Cereal Box Projects Teacher Resources
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The Impact of Inventions on Life in America - Cereal Box Project
Students investigate U.S. history by examining technology post Civil War. In this inventions instructional activity, students view a slide-show of images demonstrating how the U.S. transformed into an industrial powerhouse in the late 1800's. Students create a fictitious cereal box which demonstrates the inventions and technology of the period.
Marketing a Breakfast Cereal
Your class will pretend that they just got hired as marketing consultants for a cereal company. They have the task of designing, marketing, and promoting a new healthy cereal to a target population. They must take pricing, market research, and stockholders into consideration while they attempt to sell the product. A fun lesson with everything included!
Snap! Crackle! Box!
Students develop a new cereal and design a box for it. In this art and design lesson, students complete a year-end cumulative activity in which the use all of their artistic skills to develop a new cereal. They use their marketing skills as they design a box that would meet the standards of a graphic designer.
The Six Faces of Garbage
Learners use the mathematics of surface area to approach the problem of garbage pollution from the classroom. After watching a video, students construct replicas of cereal boxes and compute their surface area.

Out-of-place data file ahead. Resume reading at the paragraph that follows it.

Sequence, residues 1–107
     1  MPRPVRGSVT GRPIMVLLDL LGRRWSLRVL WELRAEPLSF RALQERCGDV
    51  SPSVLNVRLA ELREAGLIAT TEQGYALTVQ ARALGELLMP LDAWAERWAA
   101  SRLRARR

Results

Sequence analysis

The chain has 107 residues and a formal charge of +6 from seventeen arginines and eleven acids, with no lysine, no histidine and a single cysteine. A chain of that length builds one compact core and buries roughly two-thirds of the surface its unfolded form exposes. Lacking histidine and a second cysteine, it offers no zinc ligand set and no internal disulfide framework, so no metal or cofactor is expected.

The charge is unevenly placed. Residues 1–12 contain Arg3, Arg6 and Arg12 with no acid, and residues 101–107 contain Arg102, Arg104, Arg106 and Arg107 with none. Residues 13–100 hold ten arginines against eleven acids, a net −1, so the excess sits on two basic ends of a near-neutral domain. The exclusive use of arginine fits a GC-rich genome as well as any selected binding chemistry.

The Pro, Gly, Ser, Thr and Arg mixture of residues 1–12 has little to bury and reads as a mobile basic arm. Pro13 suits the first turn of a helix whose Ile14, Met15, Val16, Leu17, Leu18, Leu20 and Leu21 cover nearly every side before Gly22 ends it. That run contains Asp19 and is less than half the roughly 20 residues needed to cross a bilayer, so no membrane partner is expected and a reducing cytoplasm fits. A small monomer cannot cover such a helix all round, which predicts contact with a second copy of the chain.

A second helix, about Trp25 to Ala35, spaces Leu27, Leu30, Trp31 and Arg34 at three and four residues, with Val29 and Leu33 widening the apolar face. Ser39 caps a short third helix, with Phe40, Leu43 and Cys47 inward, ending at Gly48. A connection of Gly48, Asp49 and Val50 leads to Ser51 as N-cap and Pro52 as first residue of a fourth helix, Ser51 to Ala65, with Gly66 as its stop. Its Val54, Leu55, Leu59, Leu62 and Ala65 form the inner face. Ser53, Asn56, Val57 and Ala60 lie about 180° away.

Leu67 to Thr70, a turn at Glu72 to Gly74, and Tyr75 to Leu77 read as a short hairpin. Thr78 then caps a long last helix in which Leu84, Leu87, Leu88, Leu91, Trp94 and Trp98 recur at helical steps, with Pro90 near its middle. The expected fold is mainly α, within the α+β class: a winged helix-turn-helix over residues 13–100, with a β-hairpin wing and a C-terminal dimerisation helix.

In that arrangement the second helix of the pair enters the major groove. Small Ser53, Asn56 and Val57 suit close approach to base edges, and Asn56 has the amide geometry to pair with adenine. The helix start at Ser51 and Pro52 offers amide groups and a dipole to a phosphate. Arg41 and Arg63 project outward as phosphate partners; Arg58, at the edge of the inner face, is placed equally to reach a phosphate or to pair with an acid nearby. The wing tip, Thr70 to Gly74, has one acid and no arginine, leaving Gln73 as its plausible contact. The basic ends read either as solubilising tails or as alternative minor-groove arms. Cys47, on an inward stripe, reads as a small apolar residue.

A Creative Way of Reporting on Books
By using creative ways to complete book reports, like using cereal boxes, you can motivate students.
Observe Earth Day with Art Projects Made from Recycled Materials
Creative hands-on art project ideas that are easy on the earth and easy on a teacher’s budget.
Middle Easts in Miniature
Sixth graders explore the ancient world and why it is important to the modern world. They create a miniature display board made from an empty cereal box. Students list innovations form Mesopotamians. They write a paragraph explaining an ancient accomplishment.
In this volume worksheet, students determine the number of cuboids needed to create a rectangular prism of a particular size. They determine the mass, volume and density of cereal boxes. Students determine the volume of rectangular prisms and complete a Soma puzzle. This seven-page worksheet contains approximately 35 problems. Answers are provided on the last page.
Be Label Able
Students analyze the nutritional content of different cereals. In this health science lesson, students apply their knowledge about nutrition to create a healthy granola cereal. They design a package and market their product.
Snap! Crackle! Box!
High schoolers create a new cereal and design an original box as their final for Art 1. This is a cumulative assignment incorporating the skills and techniques studied and developed throughout the course of the year.
Planetary Cereal Project
Sixth graders decorate an empty cereal box with information and games showing their comprehension of factual information about an assigned planet. This is a nice, creative lesson about the solar system.
Cereal Investigation: Maximizing Volume, Minimizing Surface Area